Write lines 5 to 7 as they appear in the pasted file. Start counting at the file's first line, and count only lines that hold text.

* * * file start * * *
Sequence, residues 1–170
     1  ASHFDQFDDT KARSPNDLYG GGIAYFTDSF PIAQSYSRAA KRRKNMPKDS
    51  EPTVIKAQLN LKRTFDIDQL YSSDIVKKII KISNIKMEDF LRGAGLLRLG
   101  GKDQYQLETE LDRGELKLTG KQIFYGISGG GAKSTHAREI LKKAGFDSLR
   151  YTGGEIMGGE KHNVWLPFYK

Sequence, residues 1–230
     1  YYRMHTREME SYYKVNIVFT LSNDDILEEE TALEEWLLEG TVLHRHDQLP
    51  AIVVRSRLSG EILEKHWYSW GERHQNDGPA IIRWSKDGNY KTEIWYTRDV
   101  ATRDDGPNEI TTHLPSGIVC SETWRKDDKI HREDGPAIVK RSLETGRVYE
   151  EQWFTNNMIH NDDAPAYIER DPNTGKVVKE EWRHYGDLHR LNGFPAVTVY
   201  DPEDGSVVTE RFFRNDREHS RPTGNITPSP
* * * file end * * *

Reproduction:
   151  YTGGEIMGGE KHNVWLPFYK

Sequence, residues 1–230
     1  YYRMHTREME SYYKVNIVFT LSNDDILEEE TALEEWLLEG TVLHRHDQLP